(Reuters) - Satellite TV provider Dish Network Corp reported a 38 percent rise in fourth-quarter profit on Friday and the company’s chairman said he saw “nothing good” for competitors if U.S. regulators approve the merger of Comcast Corp and Time Warner Cable.
Dish shares rose 1.6 percent to $57.97 after it reported earnings-per-share of 63 cents, beating the 41-cent consensus forecast of analysts surveyed by Thomson Reuters I/B/E/S.
Dish Chairman Charlie Ergen said the combination of Comcast and Time Warner Cable would concentrate broadband, video and content in a “nationwide player.”
“That’s going to send a seismic shift across our industry in ways that maybe we can’t predict today,” he said on a conference call after the satellite TV provider released its results.
Comcast, the nation’s largest cable company, said on February 13 that it had agreed to acquire No. 4 Time Warner Cable in an all-stock deal for $45.2 billion. The proposal faces reviews from U.S. regulators who will study its effect on competition.
Comcast has argued that the combination would not reduce competition because the two cable providers do not compete in any markets. The company pledged to divest 3 million subscribers, so the combined customer base of 30 million would represent just under 30 percent of the U.S. pay television video market.
Ergen said the deal, if approved, “certainly doesn’t hurt the case for consolidation” of satellite TV providers. The U.S. government blocked a deal between Dish and DirecTV in 2002.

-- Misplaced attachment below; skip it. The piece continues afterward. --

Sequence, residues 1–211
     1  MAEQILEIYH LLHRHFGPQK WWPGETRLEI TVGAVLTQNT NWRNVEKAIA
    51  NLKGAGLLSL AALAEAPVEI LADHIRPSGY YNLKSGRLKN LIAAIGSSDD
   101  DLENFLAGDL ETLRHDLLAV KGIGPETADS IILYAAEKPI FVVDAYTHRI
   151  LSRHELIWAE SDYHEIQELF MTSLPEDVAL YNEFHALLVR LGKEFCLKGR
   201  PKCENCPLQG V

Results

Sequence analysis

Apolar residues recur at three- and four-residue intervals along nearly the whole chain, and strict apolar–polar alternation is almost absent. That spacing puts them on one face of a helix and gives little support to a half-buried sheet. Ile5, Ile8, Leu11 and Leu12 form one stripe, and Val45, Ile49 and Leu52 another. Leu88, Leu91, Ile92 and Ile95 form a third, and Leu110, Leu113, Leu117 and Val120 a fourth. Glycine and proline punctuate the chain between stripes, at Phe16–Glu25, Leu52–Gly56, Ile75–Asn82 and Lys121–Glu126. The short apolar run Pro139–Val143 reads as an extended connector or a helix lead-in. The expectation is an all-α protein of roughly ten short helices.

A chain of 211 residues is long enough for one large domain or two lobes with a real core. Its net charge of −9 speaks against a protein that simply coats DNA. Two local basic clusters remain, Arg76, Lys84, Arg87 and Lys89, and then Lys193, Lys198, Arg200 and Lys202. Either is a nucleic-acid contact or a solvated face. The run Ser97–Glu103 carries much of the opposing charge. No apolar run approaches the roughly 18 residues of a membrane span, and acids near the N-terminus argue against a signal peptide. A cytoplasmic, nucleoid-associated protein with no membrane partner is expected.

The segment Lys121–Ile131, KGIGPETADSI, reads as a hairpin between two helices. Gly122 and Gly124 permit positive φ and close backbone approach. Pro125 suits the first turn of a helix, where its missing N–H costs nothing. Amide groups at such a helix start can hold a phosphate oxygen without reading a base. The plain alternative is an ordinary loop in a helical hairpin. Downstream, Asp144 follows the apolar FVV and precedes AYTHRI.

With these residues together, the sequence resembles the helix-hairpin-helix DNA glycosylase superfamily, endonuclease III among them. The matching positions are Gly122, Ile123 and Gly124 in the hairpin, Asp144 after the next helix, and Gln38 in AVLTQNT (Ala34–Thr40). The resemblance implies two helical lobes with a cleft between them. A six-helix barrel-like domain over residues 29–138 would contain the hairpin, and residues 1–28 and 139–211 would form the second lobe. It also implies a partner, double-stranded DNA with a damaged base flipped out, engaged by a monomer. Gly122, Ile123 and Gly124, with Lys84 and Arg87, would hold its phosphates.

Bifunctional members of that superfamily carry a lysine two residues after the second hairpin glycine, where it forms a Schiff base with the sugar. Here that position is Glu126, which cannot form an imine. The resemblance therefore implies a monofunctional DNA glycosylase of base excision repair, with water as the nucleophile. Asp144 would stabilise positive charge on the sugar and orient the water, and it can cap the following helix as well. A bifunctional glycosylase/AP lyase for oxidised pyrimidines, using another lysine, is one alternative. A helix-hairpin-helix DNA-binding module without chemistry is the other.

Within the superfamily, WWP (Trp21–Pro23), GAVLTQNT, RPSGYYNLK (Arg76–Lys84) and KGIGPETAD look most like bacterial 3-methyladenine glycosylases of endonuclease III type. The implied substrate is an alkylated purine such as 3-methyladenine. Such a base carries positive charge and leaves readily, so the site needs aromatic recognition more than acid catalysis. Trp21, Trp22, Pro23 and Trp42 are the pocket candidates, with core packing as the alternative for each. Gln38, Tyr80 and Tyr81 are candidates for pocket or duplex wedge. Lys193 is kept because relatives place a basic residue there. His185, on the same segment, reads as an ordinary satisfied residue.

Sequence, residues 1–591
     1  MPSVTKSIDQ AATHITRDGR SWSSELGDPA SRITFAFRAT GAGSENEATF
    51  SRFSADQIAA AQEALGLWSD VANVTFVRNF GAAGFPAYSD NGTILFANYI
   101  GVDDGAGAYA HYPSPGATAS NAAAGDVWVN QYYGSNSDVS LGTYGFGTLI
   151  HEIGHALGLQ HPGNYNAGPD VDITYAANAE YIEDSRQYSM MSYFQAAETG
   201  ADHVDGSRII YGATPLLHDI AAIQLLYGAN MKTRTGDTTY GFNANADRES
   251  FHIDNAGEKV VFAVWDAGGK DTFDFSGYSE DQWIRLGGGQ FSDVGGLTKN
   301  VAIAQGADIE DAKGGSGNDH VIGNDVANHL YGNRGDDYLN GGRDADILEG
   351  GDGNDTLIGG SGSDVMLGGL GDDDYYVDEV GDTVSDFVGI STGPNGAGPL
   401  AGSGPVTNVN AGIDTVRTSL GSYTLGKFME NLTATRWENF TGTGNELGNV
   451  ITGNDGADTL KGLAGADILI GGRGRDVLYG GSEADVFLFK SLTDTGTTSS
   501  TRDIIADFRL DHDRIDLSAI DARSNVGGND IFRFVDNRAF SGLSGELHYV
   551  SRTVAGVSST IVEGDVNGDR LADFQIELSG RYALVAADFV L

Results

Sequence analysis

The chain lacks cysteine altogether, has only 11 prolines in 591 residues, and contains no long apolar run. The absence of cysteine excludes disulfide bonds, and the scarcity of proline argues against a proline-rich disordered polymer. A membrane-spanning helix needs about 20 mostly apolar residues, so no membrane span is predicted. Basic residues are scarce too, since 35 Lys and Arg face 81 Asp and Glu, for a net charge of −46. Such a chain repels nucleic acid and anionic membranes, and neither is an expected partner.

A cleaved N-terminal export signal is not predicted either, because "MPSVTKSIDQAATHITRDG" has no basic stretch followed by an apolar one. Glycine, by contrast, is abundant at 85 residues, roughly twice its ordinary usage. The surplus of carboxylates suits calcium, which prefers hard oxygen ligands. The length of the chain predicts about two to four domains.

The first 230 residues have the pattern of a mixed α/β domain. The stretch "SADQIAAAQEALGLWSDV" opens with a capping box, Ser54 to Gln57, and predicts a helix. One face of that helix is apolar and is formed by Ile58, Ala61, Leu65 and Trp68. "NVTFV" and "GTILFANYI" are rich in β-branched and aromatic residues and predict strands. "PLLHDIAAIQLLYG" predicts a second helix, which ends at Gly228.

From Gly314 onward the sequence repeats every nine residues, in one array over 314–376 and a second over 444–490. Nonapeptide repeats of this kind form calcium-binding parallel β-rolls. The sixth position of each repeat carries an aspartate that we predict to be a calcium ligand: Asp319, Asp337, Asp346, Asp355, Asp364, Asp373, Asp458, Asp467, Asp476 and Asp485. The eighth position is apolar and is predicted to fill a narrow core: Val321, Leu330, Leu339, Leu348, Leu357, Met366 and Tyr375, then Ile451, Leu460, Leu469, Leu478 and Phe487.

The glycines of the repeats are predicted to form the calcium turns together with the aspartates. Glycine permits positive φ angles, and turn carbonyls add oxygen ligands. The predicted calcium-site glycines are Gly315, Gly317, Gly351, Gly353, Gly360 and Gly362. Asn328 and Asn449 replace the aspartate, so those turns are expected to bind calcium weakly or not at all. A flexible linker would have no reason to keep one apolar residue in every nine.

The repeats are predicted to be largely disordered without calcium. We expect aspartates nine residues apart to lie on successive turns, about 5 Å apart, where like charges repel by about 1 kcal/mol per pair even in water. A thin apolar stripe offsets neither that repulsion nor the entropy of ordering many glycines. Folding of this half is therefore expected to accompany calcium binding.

“If you take the No. 1 and 4 providers and put them together, it would be hard to see why you couldn’t put the No. 2 and 3 providers together,” he said. DirectTV is the nation’s second largest pay TV provider after Comcast, and Dish is third.
Ergen said the merger would create advantages for the cable operator in negotiations with media companies that supply programming. “When they can combine and go buy content, they can go buy content cheaper than anybody else,” he said.
“I see nothing good in that transaction for content owners, broadband providers, or video distribution companies” other than Comcast and NBC, he said.
Dish is still reviewing the deal’s impact and will present options to its board, Ergen said. He said it was too early to say if Dish would oppose the merger.
A Comcast spokesman had no comment on Ergen’s remarks.
Investors have been waiting to learn more about Dish’s strategy for the wireless spectrum the company has spent billions amassing.
Asked on Friday if he would consider going after wireless carrier T-Mobile USA to potentially compete against Japanese mobile operator Softbank, which owns rival Sprint Corp, Ergen said it was unlikely. Dish tried to derail Softbank’s plans to buy Sprint last year by bidding for the carrier but ultimately lost.
“Certainly we’ve had experience competing against Softbank and (are) realistic to know that we’re not going to outbid Softbank in any transaction,” Ergen said.
Ergen said he was “cautiously optimistic” Dish will reach a deal with Walt Disney Co before the company’s next quarterly conference call. The companies have extended a now-expired contract and are negotiating the terms for Dish to carry ESPN and other Disney-onwed networks.
For the quarter that ended in December, Dish said its stable of U.S. customers reached about 14.1 million as it added 8,000 pay-TV subscribers. The average revenue generated per subscriber rose 5 percent to $81.24.
Dish’s net income for the quarter reached $288 million compared with $209 million a year earlier. Revenue rose about 7 percent to $3.54 billion.
Reporting by Soham Chatterjee and Aurindom Mukherjee in Bangalore; Editing by Maju Samuel, Saumyadeb Chakrabarty, Ronald Grover and Jonathan Oatis